María Isabel Urrutia and her stellar weightlifting career

The origins of María Isabel Urrutia | Her weightlifting journey | The Olympic road

Weightlifter María Isabel Urrutia is a Colombian sporting legend. She stood out in the sport’s world scene and took her talent to the Olympics and a gold medal. Read on to discover more about her stellar athletic career.

The origins of María Isabel Urrutia

María Isabel Urrutia Ocoró was born in the municipality of Candelaria, in the Valle del Cauca department on March 25, 1965 into a humble family. They moved to the city of Cali when she was a child. During her school years, she showed sports abilities from a very young age. At 12, she was scouted by the department’s athletics league (Garzón, 2019).

She began training with them and went on to compete. Urrutia participated in a national junior athletics championship, where she set a national record for shot put. Likewise, she competed in a South American championship. Such a performance piqued her interest and commitment to the world of athletics, so she practiced different forms of the sport, including weightlifting (Garzón, 2019).

This was the start of one of the most recognizable and successful Colombian athletes. Before the days of top sports figures like Mariana Pajón and Sara López, there was María Isabel Urrutia.

Her weightlifting journey

By 1989, María Isabel Urrutia decided to focus entirely on weightlifting. Bulgarian trainer Gancho Karouchkov took her under his wing because of her incredible potential. Her hard work paid off –she went on to conquer 24 gold, silver, and bronze medals in weightlifting competitions around the world (Garzón, 2019), including (Martínez, 2020. Mindeporte, n.d.):

  • Three gold medals at Colombia’s National Games.
  • A silver medal at the 1989 World Weightlifting Championships
  • A gold medal at the 1990 World Weightlifting Championships.

Her career took a pivotal turn in 1999 due to a considerable knee injury. It made her reconsider the weightlifting category she participated in and move down to a lower one. Such a decision had big implications, such as radically losing weight to qualify for the new category (Garzón, 2019).

The Olympic road

With the 2000 Summer Olympics in Sidney coming up, María Isabel Urrutia spent nine months in Bulgary recovering and training in the hopes of holding a spot in the competition as the world’s third-best weightlifter in her category. However, she did not have the support of the Colombian Olympic Committee (Garzón, 2019).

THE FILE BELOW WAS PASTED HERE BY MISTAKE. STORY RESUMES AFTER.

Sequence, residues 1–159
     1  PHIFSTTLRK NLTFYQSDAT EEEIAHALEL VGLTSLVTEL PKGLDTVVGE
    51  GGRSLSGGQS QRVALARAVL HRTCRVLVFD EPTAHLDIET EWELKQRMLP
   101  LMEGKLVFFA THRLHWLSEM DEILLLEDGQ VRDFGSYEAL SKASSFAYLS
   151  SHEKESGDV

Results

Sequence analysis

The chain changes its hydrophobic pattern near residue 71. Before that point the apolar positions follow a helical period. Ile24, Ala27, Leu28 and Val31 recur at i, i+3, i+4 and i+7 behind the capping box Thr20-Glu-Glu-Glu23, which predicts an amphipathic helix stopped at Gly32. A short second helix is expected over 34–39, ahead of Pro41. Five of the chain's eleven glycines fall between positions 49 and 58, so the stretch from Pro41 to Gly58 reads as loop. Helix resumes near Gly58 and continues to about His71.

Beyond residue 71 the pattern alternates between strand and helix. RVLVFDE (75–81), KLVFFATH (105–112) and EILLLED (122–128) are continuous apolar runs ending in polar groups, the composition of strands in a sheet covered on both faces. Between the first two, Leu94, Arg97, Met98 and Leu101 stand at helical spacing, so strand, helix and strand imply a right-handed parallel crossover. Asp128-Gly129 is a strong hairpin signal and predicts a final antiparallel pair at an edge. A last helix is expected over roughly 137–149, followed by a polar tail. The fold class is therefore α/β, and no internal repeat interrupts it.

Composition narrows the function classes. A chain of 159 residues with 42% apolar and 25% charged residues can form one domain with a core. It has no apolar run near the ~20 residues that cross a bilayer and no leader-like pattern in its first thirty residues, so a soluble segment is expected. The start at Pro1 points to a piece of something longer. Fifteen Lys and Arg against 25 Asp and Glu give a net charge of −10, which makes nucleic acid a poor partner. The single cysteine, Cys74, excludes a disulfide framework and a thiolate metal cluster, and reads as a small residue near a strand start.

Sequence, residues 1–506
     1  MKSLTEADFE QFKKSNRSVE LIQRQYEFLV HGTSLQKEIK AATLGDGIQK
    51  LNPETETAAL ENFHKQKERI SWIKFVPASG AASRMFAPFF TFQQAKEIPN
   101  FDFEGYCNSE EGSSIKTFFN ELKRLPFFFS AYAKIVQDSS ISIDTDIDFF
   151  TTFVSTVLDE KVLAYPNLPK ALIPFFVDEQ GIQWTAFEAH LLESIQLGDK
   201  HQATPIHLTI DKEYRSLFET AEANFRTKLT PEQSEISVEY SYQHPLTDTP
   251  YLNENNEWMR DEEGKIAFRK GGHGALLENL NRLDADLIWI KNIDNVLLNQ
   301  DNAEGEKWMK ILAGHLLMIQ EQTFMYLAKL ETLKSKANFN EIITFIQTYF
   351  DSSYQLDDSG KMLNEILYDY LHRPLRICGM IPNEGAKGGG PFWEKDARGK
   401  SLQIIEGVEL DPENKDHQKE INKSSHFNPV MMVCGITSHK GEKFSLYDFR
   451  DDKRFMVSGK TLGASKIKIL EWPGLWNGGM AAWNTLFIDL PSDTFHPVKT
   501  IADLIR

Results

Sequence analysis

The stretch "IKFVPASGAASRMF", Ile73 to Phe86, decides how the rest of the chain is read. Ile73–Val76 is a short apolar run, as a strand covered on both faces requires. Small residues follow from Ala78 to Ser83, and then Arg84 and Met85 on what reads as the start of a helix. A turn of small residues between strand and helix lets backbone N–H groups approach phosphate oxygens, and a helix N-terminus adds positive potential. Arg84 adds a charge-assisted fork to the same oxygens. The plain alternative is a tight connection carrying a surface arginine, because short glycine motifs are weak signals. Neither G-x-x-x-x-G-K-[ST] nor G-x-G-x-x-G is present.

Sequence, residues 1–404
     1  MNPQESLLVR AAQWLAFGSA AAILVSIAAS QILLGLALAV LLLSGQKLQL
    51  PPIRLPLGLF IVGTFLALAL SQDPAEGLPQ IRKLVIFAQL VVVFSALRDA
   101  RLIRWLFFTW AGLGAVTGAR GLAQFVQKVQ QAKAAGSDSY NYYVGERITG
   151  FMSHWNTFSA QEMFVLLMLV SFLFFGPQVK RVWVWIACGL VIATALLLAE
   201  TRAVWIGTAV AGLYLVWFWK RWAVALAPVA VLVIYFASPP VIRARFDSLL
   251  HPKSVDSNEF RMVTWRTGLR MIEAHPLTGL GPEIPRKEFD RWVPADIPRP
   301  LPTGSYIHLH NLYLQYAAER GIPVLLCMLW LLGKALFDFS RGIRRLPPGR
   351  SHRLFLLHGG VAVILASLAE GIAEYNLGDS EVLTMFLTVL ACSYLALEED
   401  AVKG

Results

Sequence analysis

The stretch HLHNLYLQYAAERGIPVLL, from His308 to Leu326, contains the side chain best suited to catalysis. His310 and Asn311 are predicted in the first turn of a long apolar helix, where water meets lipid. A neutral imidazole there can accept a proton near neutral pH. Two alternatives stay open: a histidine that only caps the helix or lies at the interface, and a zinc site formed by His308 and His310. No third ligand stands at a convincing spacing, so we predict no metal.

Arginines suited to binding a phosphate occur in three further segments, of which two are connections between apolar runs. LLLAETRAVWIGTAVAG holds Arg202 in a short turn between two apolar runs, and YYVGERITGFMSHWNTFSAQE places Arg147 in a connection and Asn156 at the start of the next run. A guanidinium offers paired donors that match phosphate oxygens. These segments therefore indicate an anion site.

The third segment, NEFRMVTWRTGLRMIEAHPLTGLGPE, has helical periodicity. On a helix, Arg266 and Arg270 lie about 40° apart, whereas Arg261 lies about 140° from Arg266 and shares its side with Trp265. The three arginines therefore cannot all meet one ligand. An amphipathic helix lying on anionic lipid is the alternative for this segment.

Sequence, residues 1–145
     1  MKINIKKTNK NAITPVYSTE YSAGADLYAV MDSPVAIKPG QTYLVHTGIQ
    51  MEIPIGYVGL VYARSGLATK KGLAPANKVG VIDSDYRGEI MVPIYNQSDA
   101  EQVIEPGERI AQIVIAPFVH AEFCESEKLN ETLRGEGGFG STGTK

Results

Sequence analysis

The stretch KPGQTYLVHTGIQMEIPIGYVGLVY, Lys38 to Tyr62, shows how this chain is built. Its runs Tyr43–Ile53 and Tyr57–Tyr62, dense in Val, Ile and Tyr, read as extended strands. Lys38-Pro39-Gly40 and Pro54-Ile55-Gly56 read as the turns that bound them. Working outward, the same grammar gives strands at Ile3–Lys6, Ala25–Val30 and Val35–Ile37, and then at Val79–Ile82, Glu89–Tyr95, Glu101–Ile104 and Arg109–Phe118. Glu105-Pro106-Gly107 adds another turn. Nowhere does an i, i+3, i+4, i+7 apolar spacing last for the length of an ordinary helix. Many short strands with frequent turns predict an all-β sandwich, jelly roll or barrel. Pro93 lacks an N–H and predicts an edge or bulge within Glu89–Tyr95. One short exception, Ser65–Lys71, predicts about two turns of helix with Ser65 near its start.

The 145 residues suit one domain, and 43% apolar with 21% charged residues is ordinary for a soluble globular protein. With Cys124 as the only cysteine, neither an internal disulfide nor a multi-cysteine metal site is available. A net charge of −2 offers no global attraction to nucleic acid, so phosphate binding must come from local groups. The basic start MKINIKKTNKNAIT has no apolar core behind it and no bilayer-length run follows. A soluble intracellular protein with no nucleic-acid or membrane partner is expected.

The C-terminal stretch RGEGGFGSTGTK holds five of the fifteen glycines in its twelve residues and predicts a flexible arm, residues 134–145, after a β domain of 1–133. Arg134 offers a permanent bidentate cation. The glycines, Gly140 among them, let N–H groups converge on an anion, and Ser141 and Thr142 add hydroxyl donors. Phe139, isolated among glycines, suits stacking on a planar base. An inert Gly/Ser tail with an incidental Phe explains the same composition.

In response, she asked the International Weightlifting Federation for a wild card invitation. The organization sponsored her and she participated in the competition. After a close race against Nigeria’s Ruth Ogbeifo and Taiwan’s Kuo Yi-Hang, Urrutia became the first-ever Colombian athlete to win a gold medal at the Olympics (Garzón 2019).

Furthermore, she was named the best Latin American and Iberian American athlete during the same year as well (Semana, 2021). Such recognition and achievements make her one of the most outstanding black Colombian women.

After retiring from weightlifting, Urrutia became a politician. Nowadays, she trains young weightlifting promises to follow in her footsteps. She remains a notable figure among women in Colombia.

References

Garzón, M. C. (2019). María Isabel Urrutia. BanRepCutural. Retrieved from https://enciclopedia.banrepcultural.org/index.php/Mar%C3%ADa_Isabel_Urrutia

Martínez, S. (2020). María Isabel Urrutia, nuestro primer oro olímpico. El Espectador. Retrieved from https://www.elespectador.com/deportes/mas-deportes/maria-isabel-urrutia-nuestro-primer-oro-olimpico-article/

Mindeporte. (n.d.). María Isabel Urrutia y el ajuste que la convirtió en un ícono del deporte colombiano. Retrieved from https://www.mindeporte.gov.co/index.php?idcategoria=97570

Semana. (2021). Gloria olímpica: María Isabel Urrutia recuerda la primera medalla de oro de Colombia. Retrieved from https://www.semana.com/nacion/articulo/gloria-olimpica-asi-recuerda-maria-isabel-urrutia-la-primera-medalla-de-oro-que-le-dio-a-colombia/202100/